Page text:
By Gerard Fiorenza III
The holiday season is upon us. It’s a special time intended to be both wholesome and joyous. It’s a time for traditional gift giving, sledding in the snow, ice skating at Rockefeller Center, watching holiday films and especially making cherished memories with friends and loved ones. The winter season is one full of relaxation for all the college students who complete their first semester in the school year. However, while the season is meant to bring jolly good feelings to all, many Americans express an increased feeling of stress and even in some cases depression. In fact, the holiday blues or holiday depression is a real psychological condition, especially for those who are already experiencing some form of mental illness. According to the National Alliance on Mental Illness (NAMI), 64 percent of people with an existing mental illness report that the holidays make their condition worse.
There are many causes of holiday blues, including financial stress from spending too much money or not being able to afford gifts for family and friends, politics being brought up at the family dinner table (meaning plenty of family tension), feeling overwhelmed by the preparation, lack of sleep and overindulgence in food and alcohol, loneliness and unrealistic expectations.
For most people, the blues will pass with the holiday—though experts warn that if you’re still experiencing depression for an extended time you should seek medical help. However, despite the many stressors the holiday season brings, there are also many ways to de-stress and be proactive against feeling overwhelmed.
Making a schedule for yourself is always a safe place to start, as you put into perspective the specific dates and times for activities. In doing so, one could obtain a firmer grasp as to how realistic these activities will be. Some might still be bombarded with an overwhelming plethora of events to partake in. It may be judicious for one to set their priorities straight. This could be done by writing a list of all the activities you can engage in, and only picking the ones you like to do. For example, you can go Christmas caroling and send cards to your family, but if baking isn’t much of a priority for you, you could toss away the idea and replace it with something else like making holiday arts and crafts. If you’re overwhelmed with the idea of sending cards to all your friends or acquaintances, you don’t necessarily have to do away with the idea, but merely send cards to those with whom you are in regular and consistent communication. The point is you don’t have to do it all.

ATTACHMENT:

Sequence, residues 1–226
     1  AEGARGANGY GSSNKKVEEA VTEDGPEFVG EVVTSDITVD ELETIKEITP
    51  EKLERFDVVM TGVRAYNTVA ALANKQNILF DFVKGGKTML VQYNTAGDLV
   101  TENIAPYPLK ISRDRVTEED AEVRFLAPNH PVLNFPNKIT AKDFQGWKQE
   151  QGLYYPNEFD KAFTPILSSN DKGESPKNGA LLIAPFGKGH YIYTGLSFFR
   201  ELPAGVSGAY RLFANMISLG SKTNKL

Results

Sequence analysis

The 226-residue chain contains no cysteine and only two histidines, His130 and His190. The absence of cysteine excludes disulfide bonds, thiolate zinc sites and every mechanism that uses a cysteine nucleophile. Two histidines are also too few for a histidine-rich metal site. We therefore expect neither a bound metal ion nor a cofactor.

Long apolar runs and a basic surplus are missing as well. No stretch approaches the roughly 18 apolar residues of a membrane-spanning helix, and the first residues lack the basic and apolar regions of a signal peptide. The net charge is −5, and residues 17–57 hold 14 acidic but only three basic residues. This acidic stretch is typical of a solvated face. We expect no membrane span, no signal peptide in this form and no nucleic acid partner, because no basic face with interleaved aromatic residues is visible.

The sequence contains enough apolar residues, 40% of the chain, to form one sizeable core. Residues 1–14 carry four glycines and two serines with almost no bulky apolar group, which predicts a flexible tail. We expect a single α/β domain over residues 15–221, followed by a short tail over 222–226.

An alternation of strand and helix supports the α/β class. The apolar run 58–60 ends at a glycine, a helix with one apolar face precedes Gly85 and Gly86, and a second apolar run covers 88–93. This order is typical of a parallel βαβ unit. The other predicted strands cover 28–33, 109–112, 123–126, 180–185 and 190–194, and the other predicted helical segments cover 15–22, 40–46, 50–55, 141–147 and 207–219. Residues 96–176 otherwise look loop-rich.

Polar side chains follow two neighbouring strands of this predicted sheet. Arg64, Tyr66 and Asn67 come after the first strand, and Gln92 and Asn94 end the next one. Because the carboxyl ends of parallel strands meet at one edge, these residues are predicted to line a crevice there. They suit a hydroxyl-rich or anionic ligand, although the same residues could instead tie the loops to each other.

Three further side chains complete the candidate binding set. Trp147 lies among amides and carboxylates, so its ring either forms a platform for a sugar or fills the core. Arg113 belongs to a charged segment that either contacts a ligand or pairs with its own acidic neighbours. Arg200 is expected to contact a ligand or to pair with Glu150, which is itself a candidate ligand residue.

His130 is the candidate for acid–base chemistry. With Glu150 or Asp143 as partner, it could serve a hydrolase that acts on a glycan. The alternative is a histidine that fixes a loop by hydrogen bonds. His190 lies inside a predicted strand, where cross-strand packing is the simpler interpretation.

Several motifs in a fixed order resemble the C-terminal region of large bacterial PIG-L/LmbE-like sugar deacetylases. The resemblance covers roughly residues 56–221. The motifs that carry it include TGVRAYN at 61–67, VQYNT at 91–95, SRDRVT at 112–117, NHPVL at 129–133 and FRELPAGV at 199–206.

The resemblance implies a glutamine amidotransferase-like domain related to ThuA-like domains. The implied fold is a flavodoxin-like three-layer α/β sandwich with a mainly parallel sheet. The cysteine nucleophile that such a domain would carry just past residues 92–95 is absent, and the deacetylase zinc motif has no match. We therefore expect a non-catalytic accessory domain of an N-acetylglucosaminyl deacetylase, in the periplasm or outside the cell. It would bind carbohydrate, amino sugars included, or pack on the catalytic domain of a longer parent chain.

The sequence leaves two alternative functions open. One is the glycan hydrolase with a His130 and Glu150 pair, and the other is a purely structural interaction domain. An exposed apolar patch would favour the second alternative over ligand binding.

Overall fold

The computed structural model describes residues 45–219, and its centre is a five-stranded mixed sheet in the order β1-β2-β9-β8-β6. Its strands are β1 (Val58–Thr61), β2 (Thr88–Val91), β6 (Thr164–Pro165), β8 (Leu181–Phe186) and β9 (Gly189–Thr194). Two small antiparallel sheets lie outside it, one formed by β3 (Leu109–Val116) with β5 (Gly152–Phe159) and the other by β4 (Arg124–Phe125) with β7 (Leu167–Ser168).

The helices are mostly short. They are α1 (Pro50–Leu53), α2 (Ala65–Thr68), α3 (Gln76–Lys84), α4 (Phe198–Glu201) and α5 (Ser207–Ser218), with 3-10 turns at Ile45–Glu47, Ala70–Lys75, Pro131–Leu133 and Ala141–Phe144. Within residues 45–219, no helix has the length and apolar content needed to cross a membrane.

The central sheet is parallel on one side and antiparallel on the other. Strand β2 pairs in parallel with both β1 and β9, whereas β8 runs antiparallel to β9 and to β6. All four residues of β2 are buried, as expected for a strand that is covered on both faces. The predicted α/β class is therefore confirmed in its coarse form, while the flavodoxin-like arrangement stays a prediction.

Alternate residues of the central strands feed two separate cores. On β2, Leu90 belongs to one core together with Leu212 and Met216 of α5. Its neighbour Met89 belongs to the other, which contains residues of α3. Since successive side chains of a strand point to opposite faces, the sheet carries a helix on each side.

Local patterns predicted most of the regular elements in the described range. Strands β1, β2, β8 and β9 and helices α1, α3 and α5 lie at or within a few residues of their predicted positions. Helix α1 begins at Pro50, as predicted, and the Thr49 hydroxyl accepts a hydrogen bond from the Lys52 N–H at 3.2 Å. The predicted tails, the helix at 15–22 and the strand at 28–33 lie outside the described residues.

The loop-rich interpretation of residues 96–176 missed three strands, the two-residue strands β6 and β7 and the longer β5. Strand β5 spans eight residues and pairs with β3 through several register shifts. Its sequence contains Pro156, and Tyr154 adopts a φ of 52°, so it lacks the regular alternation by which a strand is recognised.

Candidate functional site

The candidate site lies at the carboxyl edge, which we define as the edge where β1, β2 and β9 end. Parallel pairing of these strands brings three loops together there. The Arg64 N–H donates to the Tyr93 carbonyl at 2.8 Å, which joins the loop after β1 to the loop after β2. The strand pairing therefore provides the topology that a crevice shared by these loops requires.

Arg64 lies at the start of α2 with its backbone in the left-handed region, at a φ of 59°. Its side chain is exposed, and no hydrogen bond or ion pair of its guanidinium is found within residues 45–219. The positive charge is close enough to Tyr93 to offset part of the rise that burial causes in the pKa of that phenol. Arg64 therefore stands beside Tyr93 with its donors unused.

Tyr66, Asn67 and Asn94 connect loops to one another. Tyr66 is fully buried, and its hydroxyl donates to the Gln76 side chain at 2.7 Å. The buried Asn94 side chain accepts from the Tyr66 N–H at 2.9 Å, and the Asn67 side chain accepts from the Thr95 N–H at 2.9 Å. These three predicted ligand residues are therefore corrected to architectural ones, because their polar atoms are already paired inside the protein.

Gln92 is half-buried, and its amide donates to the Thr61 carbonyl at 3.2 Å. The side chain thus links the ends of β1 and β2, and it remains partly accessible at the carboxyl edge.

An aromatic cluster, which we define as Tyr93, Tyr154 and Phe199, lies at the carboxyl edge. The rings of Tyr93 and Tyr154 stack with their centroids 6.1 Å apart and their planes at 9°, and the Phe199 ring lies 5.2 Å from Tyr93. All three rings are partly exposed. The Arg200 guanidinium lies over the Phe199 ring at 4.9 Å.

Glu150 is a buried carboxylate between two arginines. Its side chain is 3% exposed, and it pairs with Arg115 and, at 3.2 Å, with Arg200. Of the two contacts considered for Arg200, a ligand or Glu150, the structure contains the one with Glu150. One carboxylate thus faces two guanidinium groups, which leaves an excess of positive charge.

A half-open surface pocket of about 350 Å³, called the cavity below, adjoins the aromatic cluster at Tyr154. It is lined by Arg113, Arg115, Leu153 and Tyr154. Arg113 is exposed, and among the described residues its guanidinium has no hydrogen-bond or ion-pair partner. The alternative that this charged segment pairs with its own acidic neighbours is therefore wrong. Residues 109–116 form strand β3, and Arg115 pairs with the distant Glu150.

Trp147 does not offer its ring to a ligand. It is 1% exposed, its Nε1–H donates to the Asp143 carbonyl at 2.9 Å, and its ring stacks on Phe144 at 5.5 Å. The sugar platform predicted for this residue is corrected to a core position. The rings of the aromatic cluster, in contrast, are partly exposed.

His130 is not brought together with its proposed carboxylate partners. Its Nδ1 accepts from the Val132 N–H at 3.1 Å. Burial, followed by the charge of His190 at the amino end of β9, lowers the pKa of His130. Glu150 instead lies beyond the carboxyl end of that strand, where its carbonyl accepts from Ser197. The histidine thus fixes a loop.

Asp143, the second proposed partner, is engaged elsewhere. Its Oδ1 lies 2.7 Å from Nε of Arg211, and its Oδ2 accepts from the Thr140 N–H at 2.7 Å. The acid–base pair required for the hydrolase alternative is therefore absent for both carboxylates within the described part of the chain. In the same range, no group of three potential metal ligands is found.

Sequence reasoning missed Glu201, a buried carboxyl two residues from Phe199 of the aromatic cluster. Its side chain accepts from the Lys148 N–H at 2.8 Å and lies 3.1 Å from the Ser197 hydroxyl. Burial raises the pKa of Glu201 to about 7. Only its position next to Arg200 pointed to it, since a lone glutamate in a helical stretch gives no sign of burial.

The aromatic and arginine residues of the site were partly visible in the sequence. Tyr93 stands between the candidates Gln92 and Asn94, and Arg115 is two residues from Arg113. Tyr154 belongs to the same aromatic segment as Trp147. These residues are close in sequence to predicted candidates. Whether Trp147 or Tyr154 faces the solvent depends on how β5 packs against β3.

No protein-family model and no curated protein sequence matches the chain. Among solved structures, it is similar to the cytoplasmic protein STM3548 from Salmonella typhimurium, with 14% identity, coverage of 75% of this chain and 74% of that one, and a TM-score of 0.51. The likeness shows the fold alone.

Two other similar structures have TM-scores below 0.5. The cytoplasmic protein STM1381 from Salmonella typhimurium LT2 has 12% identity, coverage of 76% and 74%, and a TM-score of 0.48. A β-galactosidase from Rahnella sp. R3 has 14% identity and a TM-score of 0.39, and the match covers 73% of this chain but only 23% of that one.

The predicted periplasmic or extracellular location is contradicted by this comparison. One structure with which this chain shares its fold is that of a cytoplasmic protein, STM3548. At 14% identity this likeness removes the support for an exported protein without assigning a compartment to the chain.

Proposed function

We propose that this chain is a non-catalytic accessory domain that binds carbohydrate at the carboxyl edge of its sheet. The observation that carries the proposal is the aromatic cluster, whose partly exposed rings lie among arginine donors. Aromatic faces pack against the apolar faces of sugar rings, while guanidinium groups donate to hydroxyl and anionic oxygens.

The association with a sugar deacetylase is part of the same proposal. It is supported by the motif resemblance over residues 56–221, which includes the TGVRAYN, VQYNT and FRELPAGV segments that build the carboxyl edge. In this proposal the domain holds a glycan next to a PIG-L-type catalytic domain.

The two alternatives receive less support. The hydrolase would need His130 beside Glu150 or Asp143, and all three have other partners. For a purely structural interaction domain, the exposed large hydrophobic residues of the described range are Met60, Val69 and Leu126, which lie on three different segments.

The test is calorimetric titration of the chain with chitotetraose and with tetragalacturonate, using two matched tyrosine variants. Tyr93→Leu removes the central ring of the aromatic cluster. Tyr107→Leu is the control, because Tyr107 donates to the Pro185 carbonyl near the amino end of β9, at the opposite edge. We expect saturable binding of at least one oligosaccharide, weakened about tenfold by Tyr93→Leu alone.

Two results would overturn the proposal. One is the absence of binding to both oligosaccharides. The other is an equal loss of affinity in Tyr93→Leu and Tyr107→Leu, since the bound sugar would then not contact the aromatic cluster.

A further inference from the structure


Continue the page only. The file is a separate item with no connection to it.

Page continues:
Holiday season gift shop- photo from Massachusetts Office of Travel and Tourism.
The holidays are stereotypically a time for people to come together, yet many often feel lonely for a variety of personal and specific reasons. This can be aided by gathering a group of friends. If you enjoy helping people, consider volunteering for community service (see the article on page 5 for local opportunities), and in doing so, you’ll meet people with a common interest in providing for others.
Sometimes, you may feel overwhelmed by being around other people too much, and if that is the case, you may feel the need to recharge your social batteries. This can be done via practicing self care. Watch a Netflix Christmas film while snuggled up in bed sipping on hot cocoa. Listening to some holiday tunes is also an efficient way I immerse myself into the season, which I highly recommend.
While it’s always good to indulge yourself, it’s also essential to have a healthy balance where you don’t put physical health at stake. Whether it be eating healthy, working out or getting adequate sleep, if your physical health is sound, the same should hold for you mentally. Holiday sweets such as candy canes and cookies are certainly a must when indulging yourself, but moderation is key.
In essence, the holidays are a fun time to delve into a wide range of exciting events, as well as spend valuable time with the people around you. However, you matter as well, and it’s always important to check in on yourself to ensure you’re taken care of.